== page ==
Newborn constipation
No one-size-fits-all remedy
But a rich set of options

Newborn constipation is as painful for the parents as it is for the infant. As the father of three, I speak from experience.

If your baby is constipated at this moment, you are probably feeling powerless. Baby’s tummy has been aching for a few days, and she has only produced a few dry pellets. You don’t know what to try next.

And if you are giving her formula, the last thing in the world you want to hear is “you should have breastfed her”. I talk from personal experience. Plus, this is beside the point.

But you have options. Millions of parents around the world have dealt with this situation. If they have gone through that frustrating episode, you can survive it, too.

So let’s talk about this touchy subject. After presenting the reasons behind newborn constipation, we will get into the possible remedies available to you.

Gastrointestinal functions after birth

There are 2 very important processes being put into place in the first few days of baby’s life.

Gut flora

Baby’s gastrointestinal tract needs to be inoculated with friendly bacteria at birth. Those bacteria form her colonic flora. On this website, we have often discussed the important role of the gut flora for a healthy transit.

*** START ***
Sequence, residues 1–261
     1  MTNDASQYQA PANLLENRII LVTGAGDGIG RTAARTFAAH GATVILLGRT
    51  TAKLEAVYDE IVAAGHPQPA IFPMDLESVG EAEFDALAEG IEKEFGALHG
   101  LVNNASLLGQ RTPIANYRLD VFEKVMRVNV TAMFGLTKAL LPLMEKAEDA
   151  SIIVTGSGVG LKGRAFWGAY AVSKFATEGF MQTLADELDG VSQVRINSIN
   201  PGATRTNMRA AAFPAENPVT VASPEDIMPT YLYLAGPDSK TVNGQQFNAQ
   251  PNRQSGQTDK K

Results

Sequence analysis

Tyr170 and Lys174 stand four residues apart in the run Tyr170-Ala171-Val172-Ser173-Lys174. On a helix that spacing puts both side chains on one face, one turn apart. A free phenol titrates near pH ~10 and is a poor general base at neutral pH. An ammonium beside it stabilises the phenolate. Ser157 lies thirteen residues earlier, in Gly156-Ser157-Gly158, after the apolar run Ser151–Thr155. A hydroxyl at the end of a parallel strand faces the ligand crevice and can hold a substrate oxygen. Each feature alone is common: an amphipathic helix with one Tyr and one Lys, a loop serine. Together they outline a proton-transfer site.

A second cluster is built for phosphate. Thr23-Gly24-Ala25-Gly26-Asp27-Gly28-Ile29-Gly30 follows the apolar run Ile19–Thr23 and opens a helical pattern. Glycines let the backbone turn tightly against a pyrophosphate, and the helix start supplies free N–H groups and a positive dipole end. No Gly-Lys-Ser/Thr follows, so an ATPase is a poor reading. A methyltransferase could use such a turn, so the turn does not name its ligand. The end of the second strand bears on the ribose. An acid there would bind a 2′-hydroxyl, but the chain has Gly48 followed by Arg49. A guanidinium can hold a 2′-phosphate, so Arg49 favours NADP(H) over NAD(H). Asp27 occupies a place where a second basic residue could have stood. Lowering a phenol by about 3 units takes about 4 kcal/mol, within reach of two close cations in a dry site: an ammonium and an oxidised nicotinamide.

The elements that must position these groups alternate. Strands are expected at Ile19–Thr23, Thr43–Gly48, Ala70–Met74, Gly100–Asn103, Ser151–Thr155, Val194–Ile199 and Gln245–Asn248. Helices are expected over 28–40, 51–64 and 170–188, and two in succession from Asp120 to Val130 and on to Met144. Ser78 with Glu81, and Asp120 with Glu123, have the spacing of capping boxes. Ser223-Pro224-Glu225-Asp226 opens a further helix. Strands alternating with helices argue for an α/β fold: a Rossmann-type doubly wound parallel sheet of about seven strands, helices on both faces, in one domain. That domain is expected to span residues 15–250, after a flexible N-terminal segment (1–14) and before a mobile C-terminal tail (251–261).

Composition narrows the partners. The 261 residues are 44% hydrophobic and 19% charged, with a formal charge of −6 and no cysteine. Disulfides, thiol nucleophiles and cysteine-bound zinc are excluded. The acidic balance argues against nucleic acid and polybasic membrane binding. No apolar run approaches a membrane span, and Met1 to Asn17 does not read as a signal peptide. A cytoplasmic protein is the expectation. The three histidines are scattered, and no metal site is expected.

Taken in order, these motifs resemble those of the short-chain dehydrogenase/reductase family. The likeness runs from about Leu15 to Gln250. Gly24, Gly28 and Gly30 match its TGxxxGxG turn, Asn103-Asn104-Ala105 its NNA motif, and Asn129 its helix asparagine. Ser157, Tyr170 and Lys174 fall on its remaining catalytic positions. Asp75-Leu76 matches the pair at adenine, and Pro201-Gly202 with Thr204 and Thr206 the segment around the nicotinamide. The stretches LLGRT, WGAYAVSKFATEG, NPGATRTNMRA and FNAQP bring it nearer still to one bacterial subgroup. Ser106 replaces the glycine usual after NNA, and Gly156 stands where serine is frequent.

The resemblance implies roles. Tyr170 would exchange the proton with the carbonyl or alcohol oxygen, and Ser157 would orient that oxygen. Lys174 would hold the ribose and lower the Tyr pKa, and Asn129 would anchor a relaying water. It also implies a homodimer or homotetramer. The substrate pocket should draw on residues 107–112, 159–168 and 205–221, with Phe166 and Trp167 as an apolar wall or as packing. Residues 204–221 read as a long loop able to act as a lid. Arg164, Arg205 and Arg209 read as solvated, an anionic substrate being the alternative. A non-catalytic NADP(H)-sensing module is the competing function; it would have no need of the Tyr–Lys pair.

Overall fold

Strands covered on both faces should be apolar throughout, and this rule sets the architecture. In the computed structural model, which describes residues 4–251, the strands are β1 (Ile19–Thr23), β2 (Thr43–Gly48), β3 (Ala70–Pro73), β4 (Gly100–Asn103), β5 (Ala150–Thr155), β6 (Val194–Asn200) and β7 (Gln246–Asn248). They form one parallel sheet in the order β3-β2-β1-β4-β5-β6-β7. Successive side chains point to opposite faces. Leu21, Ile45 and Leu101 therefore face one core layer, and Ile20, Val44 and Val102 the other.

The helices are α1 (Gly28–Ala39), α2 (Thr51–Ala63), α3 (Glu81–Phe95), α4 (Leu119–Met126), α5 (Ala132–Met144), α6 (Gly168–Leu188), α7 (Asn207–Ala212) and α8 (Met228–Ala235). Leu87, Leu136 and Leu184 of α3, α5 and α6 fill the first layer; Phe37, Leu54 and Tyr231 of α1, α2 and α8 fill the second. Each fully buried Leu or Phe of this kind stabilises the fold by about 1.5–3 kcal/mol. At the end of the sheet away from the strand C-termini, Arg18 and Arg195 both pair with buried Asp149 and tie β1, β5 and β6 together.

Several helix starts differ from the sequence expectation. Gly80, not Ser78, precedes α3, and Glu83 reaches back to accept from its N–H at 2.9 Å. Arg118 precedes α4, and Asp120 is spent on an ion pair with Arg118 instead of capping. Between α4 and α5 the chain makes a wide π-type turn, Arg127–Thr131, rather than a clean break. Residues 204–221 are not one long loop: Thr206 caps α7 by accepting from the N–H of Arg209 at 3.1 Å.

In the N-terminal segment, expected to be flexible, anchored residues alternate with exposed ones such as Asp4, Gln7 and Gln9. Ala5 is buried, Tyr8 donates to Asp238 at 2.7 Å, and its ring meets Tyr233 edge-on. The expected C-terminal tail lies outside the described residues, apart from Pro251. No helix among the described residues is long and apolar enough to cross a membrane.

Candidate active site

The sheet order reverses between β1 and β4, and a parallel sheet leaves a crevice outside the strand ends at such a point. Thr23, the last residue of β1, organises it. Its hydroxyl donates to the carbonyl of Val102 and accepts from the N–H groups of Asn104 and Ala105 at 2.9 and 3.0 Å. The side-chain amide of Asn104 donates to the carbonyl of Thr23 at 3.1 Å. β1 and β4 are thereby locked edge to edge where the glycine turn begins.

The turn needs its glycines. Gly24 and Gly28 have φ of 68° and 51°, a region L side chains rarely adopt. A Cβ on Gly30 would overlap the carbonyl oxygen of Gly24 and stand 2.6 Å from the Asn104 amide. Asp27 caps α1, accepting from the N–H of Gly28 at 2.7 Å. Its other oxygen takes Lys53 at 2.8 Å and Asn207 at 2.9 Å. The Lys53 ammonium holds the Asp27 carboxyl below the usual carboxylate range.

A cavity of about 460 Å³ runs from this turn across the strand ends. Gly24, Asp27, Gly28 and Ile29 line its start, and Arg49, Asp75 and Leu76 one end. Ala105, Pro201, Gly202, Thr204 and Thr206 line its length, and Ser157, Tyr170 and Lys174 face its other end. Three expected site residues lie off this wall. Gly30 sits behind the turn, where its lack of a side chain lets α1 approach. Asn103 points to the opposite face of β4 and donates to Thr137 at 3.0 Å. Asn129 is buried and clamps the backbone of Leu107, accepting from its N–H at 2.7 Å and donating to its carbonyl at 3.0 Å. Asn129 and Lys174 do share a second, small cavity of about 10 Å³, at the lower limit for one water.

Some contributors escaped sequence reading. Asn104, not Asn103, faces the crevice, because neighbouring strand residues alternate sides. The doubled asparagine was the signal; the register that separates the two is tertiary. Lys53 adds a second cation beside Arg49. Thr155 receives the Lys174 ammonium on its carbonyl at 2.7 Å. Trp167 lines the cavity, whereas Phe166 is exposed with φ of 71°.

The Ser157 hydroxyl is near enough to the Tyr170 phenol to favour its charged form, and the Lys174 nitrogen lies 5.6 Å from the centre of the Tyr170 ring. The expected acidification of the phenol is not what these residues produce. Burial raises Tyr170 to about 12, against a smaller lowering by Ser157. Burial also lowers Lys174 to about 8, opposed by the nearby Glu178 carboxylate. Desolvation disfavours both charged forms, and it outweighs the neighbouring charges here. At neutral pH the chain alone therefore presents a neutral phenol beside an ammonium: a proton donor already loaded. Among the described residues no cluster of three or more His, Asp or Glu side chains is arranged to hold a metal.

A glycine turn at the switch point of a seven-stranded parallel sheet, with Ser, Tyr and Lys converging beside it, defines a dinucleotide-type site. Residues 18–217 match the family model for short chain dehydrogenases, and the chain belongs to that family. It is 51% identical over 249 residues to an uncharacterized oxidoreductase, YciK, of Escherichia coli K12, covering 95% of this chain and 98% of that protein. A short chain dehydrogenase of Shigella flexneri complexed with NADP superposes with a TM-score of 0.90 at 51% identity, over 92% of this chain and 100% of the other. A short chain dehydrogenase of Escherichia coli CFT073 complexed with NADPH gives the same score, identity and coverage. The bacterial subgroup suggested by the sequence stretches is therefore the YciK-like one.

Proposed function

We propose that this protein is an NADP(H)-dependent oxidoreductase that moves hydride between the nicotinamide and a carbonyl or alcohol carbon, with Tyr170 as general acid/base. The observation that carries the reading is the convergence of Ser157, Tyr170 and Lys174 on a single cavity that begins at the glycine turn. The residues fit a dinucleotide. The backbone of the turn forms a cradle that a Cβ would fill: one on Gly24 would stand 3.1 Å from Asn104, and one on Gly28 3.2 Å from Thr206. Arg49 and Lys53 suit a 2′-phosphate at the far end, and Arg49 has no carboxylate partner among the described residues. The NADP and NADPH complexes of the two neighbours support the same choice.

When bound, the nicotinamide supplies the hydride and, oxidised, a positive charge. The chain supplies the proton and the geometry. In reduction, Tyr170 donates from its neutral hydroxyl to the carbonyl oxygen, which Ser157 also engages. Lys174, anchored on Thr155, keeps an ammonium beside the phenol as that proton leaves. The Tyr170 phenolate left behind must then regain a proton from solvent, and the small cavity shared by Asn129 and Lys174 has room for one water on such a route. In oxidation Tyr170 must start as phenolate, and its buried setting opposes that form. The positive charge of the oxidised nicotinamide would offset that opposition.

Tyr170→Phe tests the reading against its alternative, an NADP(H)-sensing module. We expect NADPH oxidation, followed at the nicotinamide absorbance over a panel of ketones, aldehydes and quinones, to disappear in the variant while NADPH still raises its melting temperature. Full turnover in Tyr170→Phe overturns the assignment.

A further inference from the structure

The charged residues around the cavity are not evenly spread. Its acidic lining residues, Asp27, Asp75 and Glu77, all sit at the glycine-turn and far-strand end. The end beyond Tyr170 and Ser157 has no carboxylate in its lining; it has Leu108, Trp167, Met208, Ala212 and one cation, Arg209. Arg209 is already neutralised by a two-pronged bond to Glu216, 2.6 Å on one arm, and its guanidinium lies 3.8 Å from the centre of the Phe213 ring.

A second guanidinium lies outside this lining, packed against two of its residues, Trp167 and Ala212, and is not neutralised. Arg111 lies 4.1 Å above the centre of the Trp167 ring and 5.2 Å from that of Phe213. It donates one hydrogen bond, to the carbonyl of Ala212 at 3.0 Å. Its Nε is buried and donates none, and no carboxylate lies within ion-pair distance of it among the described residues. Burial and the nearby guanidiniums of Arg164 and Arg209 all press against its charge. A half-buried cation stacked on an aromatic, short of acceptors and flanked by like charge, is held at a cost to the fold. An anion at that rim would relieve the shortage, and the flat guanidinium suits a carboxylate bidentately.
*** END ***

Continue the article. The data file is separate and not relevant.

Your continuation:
While in her mother’s belly, the gut of the baby is void of any bacterial life. As soon as she comes into contact with the outside world, the inoculation starts.

The fastest way to get loads of those friendly bugs is through vaginal delivery. The mother’s vagina is full of bacterial life, and those bacterial strains will be transferred to the baby.

The mother’s fecal flora also plays a big role in the establishment of the baby’s friendly bug colonies(1), and here again vaginal delivery is determinant.

This point is important: as we will see further down, probiotics and prebiotics are more relevant in the context of a C-section. If there has been a vaginal delivery, there are fewer reasons to think that the baby’s flora might be deficient.